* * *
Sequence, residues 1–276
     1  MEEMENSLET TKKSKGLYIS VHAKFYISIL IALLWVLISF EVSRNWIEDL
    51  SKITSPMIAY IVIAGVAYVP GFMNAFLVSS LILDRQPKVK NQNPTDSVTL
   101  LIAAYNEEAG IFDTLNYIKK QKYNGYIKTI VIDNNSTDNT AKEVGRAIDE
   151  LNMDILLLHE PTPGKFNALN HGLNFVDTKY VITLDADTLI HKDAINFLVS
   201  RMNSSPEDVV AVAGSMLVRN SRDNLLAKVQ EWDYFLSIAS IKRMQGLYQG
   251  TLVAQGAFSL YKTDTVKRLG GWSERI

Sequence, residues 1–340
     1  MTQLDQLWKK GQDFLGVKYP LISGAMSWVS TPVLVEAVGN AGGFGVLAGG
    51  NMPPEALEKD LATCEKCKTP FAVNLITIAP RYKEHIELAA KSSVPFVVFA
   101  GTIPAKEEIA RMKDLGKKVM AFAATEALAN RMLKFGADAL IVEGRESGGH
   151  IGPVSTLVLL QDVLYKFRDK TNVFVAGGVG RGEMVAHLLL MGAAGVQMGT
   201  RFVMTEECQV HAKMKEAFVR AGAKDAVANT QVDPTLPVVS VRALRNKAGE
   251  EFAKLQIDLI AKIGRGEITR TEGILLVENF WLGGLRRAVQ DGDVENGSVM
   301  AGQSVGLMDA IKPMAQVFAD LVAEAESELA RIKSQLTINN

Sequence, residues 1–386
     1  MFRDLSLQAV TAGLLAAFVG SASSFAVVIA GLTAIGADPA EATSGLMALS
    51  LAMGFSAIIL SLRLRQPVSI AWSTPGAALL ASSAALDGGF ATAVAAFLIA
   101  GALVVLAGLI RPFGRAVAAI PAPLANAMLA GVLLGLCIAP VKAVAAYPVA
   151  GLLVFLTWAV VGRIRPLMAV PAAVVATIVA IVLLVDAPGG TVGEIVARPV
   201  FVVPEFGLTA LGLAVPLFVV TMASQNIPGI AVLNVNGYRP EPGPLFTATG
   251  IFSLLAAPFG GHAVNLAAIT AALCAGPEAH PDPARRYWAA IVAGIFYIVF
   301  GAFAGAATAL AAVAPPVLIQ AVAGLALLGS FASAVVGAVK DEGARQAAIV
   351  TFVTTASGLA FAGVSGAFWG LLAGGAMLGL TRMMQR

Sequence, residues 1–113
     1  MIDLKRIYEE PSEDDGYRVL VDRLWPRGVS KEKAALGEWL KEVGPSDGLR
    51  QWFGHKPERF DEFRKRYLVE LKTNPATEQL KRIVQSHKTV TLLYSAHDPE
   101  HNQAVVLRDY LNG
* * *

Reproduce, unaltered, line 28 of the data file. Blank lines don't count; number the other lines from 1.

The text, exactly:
   101  HNQAVVLRDY LNG